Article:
The Secret Tunnels of South Heighton
The Eastern Airlock. Before & After 2000.
These pictures show the Eastern Airlock as found in 1994, and after clean-up by the Friends of HMS Forward.
This is the interior of the Eastern airlock beyond which lies the first of three flights of concrete steps emerging in room 16 of the Guinness Trust Holiday Home (later Denton House). This was the principal operational entrance/exit for all personnel who served in the tunnel, and for this reason the 'risers' of the steps were regularly painted with whitewash. The whitewash is today (2000) flaking away from the risers in 1/8th inch (3mm) thick slices.
The Eastern airlock was designed for personnel use only and is therefore only 6 ft (1M80) long. The external blast-proof door, visible (unhinged) in the 1994 view is made of 5/8ths ins (16mm) thick plate steel, weighs some 3 cwt (150 Kg), and has a thick neoprene rubber gas-seal (still pliable in 2009) attached to its periphery on which to close.
An electric extraction fan mounted on a small plinth in the far left corner of the airlock expelled foul air from the adjacent galleries via the circular duct visible above the plinth. The duct continued beyond the airlock, up the stairs and into an under-floor masonry duct beneath the landing at the top of the stairs, and emerged through a 'drain cover' at the foot of a flight of stairs leading to the Observation Post (mock hen-house) by which route the foul air reached the outside atmosphere.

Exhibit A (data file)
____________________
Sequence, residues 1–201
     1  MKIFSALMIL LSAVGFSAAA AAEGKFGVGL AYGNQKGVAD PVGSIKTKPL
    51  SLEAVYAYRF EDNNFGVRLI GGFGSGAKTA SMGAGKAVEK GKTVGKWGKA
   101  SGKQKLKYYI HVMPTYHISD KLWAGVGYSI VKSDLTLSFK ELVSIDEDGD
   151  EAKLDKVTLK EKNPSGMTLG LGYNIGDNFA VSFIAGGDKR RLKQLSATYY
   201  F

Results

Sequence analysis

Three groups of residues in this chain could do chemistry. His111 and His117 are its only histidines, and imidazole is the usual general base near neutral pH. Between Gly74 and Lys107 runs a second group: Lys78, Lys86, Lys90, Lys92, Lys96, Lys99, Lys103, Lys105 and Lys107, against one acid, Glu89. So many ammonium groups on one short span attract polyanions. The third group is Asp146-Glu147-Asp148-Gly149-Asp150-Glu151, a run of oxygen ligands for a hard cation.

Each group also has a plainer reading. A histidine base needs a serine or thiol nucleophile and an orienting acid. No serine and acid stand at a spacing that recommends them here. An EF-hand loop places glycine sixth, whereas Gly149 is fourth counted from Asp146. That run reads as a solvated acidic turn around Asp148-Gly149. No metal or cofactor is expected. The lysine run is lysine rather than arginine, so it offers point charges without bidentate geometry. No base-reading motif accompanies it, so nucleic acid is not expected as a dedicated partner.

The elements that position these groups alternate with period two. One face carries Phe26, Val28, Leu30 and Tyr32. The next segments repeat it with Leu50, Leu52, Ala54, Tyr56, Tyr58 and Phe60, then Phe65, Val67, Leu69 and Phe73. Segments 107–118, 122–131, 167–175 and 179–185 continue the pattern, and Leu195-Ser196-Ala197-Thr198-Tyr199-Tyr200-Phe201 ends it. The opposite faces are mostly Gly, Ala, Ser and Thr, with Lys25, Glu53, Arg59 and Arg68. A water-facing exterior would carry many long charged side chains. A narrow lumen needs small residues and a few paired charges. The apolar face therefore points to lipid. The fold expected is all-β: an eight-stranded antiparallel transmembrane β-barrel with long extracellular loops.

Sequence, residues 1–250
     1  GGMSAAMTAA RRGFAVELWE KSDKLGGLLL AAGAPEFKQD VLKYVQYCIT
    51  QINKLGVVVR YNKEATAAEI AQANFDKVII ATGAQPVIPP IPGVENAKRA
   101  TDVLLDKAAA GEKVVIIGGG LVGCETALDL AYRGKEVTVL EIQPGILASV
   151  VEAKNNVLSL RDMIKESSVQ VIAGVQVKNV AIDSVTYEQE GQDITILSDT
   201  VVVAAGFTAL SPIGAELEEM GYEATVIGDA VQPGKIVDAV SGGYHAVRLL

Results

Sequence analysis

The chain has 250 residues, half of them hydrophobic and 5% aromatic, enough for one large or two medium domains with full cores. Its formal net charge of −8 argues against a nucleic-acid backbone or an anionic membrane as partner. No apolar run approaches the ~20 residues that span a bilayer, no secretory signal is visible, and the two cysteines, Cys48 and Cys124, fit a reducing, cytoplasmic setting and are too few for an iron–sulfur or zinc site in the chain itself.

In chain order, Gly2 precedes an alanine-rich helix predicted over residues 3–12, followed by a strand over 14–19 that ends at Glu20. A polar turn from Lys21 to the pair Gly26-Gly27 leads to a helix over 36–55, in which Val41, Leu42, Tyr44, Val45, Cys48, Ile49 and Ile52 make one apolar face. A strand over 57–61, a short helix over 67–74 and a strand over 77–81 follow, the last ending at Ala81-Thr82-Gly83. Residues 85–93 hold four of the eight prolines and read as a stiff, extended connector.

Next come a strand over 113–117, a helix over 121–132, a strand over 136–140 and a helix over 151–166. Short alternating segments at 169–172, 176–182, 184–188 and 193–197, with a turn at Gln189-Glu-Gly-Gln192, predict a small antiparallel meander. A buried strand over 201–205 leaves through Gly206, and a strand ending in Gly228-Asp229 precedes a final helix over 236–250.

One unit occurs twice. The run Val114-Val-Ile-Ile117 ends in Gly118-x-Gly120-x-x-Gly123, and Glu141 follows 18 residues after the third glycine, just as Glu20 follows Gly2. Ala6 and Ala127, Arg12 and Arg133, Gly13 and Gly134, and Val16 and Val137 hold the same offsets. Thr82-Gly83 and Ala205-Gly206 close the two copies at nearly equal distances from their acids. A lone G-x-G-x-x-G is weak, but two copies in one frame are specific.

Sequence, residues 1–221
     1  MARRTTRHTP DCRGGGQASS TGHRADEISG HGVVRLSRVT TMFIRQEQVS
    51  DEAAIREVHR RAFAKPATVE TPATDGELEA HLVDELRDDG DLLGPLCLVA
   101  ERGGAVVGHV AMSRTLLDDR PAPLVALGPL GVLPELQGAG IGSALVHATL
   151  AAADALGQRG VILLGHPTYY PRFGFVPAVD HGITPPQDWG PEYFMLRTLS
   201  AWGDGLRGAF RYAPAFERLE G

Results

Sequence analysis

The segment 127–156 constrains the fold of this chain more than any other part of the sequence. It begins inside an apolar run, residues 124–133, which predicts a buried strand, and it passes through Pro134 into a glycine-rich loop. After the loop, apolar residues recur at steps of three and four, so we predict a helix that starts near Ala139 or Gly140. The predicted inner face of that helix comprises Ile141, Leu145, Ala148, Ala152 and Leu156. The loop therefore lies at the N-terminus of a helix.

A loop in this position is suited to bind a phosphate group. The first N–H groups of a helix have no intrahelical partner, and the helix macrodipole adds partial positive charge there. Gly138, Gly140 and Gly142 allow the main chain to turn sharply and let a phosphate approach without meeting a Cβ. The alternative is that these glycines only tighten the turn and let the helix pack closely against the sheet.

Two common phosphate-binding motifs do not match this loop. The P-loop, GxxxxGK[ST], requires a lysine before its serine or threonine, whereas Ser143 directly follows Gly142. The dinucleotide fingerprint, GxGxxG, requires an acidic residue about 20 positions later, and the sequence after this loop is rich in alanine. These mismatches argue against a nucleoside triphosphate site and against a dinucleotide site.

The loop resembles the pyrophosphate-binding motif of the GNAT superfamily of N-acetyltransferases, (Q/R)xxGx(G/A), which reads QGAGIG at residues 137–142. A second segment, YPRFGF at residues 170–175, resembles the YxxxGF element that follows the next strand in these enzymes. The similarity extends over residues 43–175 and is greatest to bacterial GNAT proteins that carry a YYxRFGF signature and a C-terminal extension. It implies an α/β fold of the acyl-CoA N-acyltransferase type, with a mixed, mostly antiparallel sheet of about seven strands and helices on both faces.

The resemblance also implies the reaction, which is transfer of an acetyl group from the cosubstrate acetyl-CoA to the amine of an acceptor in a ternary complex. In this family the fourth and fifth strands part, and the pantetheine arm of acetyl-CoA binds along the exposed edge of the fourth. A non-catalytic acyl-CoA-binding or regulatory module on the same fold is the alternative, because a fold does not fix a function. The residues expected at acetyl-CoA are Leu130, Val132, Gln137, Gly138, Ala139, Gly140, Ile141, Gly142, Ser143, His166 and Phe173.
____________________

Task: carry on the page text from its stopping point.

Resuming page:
Above the doorway the brickwork is 'perforated' by an airlock-pressure-equalising valve; various conduits for lighting and in-tunnel military communications cables; and three larger in-line provisions for (a) the incoming public electricity supply, (b) the Lamson message tube (seen here), and (c) for internal GTHH telephone extensions and 'alternatively routed' external telephone cables.
Nothing remains of the airlock's internal door or its architrave except the evidence of its former existence.
Finally, the 'sooty' appearance of the walls and step risers is just that - the result of an arson attack, probably pre-1970 before the former Observation Post was demolished.
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All illustrations and text on this site are © 1941-2021 Geoffrey Ellis, or The Friends of HMS Forward, or Nick Catford.